Seeing the Windrush generation through a bold new game

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In June 1948, a huge, repurposed German cruise liner docked in London, having travelled all the way from Australia. It was carrying more than 1000 passengers, but the vast majority of them – more than three quarters – had embarked in, and had lived in, the Caribbean. These people set sail for Britain invited by a country looking for help rebuilding after the Second World War, entering under a brand new British Nationality Act, which allowed anyone from a Commonwealth country residency there. That ship was the HMT Empire Windrush, and its name would go down in history as marking the beginning of a migration to the UK that would last more than 20 years and number hundreds of thousands of people. It would change the face of Britain forever.

A lot is owed to those people – the people of the Windrush generation – who faced and overcame adversity to settle in the UK. They laid the foundations for a multiculturalism that we, the people who live here, gain so much from today. From food to music to fashion to sport: the impact has been immense. The Windrush’s arrival is such a significant part of modern British history it was even recreated for the opening ceremony of the London 2012 Olympic Games.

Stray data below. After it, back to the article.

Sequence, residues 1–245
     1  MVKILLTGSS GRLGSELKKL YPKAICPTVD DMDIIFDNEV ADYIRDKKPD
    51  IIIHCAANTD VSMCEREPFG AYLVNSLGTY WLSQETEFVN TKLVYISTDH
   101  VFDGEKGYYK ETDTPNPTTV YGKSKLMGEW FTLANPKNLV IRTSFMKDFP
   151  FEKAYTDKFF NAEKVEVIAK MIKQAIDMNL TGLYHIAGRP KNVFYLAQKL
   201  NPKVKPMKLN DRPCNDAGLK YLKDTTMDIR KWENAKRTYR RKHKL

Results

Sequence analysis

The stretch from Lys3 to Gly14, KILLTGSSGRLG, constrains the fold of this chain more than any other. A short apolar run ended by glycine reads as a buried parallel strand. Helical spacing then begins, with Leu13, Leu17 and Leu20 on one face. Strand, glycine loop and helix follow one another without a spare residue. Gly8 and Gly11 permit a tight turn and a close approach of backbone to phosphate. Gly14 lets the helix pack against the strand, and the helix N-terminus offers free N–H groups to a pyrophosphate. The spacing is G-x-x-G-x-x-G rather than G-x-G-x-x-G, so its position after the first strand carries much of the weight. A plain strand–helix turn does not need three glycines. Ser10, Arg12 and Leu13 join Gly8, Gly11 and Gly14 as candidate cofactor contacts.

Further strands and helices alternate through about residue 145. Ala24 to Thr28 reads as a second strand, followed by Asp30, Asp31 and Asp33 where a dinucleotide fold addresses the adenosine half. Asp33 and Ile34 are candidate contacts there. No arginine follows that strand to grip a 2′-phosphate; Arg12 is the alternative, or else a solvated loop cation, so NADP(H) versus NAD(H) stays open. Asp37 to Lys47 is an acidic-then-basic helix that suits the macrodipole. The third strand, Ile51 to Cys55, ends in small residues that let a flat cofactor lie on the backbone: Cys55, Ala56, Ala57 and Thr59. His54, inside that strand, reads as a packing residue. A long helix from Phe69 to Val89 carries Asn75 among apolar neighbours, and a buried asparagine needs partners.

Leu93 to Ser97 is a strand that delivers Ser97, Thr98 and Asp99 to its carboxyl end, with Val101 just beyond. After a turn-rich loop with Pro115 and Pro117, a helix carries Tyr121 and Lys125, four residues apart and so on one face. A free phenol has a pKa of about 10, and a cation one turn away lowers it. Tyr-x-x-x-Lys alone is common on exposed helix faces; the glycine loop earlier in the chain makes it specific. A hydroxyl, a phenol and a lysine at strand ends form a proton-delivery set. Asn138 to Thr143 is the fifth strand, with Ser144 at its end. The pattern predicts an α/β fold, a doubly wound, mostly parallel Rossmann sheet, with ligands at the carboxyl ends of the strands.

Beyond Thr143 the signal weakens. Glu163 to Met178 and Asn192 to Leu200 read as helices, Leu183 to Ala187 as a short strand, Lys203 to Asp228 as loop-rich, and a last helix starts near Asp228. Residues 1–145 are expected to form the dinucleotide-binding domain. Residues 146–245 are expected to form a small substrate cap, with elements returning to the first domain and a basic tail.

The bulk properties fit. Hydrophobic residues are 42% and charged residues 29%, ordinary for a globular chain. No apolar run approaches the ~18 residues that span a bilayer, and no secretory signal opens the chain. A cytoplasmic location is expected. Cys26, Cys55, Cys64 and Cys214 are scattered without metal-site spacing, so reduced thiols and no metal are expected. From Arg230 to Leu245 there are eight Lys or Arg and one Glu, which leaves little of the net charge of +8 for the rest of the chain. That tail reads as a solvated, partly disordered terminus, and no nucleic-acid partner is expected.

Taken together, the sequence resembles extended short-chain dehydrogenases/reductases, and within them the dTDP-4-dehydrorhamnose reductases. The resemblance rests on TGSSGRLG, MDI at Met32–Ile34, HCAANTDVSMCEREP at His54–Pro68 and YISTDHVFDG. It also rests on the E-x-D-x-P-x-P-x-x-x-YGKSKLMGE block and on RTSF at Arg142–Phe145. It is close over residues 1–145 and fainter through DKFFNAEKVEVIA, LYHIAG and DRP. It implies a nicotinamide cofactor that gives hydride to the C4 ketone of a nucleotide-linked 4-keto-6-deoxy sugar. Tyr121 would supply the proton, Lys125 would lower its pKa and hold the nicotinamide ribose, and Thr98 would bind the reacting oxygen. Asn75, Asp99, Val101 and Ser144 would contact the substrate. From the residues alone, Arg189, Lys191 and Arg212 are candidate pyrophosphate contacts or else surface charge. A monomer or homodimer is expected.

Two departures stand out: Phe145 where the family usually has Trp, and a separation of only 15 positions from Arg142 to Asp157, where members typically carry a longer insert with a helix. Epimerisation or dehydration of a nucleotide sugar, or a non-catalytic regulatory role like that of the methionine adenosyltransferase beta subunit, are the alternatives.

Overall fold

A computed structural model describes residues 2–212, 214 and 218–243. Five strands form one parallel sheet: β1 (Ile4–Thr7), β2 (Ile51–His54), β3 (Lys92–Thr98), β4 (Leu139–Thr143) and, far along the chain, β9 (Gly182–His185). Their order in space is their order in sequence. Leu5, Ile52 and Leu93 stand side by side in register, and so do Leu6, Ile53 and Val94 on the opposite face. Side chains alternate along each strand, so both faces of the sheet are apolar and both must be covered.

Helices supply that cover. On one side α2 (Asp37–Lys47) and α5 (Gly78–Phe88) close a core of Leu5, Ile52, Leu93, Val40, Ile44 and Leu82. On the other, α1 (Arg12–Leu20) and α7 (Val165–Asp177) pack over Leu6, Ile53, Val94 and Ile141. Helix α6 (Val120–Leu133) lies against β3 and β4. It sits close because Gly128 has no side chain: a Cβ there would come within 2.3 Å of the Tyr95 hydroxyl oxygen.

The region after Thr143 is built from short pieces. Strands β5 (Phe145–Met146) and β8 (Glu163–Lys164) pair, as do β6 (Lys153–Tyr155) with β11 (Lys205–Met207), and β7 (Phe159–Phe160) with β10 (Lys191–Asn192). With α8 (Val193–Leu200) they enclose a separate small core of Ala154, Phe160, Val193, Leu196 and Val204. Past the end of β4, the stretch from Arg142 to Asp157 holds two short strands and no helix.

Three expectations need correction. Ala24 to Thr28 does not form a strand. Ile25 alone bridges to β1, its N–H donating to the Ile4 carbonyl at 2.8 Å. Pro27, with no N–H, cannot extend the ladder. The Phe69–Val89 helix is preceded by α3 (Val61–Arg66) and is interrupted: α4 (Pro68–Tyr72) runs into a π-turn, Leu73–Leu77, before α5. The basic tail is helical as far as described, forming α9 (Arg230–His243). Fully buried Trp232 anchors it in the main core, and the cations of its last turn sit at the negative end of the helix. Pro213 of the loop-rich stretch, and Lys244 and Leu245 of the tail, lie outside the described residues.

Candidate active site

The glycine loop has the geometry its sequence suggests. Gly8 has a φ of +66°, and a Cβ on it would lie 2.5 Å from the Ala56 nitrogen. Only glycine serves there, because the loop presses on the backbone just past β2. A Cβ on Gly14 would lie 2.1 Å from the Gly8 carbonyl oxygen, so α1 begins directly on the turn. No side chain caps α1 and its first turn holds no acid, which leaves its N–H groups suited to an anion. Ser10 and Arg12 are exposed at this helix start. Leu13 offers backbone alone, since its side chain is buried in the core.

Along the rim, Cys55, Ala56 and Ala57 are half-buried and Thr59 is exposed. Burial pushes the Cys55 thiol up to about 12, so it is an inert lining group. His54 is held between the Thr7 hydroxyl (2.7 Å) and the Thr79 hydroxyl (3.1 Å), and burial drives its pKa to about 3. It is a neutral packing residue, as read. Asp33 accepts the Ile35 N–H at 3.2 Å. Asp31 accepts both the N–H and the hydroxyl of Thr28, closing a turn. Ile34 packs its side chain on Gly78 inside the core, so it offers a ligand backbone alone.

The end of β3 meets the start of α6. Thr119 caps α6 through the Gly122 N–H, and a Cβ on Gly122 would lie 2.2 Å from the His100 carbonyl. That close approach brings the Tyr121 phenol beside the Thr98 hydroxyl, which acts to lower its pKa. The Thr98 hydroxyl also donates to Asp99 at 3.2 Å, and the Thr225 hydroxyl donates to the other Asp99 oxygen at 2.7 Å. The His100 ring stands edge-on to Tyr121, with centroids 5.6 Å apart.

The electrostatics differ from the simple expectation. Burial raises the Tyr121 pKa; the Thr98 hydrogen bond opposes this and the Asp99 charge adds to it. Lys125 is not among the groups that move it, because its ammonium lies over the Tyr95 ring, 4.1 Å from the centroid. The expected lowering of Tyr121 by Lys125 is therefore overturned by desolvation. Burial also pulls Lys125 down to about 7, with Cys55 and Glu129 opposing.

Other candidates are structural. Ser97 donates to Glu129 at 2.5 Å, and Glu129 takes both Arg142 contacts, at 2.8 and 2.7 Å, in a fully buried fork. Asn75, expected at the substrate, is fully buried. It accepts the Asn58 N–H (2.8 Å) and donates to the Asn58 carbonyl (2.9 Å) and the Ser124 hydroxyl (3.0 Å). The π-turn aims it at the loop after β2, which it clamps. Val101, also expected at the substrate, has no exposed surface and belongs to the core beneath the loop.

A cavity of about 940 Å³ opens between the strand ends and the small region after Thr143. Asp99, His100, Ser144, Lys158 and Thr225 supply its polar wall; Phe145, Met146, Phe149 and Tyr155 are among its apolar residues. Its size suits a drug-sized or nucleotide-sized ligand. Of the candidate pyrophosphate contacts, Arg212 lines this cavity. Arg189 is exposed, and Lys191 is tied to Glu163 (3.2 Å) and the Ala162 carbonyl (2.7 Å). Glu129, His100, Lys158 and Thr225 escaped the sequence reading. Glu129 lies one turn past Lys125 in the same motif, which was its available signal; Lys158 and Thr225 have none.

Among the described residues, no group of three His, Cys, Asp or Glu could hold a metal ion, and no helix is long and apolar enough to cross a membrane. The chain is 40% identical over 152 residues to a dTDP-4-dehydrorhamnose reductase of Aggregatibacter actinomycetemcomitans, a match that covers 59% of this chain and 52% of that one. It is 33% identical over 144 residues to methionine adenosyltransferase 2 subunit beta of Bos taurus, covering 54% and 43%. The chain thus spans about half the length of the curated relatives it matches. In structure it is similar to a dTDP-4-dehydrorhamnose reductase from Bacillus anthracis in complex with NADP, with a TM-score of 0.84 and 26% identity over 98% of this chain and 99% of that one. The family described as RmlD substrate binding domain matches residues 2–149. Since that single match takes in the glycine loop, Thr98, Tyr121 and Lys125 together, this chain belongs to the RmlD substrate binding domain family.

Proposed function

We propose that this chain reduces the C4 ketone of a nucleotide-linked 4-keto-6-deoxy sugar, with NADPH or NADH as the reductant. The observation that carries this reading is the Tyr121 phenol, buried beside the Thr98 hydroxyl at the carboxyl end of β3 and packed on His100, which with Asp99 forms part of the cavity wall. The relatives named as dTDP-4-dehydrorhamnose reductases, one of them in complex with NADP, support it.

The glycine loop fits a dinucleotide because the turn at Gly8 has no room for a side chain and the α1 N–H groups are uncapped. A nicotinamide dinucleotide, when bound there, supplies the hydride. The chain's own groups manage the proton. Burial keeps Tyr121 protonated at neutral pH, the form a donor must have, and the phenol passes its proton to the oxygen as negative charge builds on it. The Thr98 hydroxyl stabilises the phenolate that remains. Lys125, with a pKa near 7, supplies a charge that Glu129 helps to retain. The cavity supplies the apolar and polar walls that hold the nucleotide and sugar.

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In June 1948, a huge, repurposed German cruise liner docked in London, having travelled all the way from Australia. It was carrying more than 1000 passengers, but the vast majority of them – more than three quarters – had embarked in, and had lived in, the Caribbean. These people set sail for Britain invited by…

In June 1948, a huge, repurposed German cruise liner docked in London, having travelled all the way from Australia. It was carrying more than 1000 passengers, but the vast majority of them – more than three quarters – had embarked in, and had lived in, the Caribbean. These people set sail for Britain invited by…

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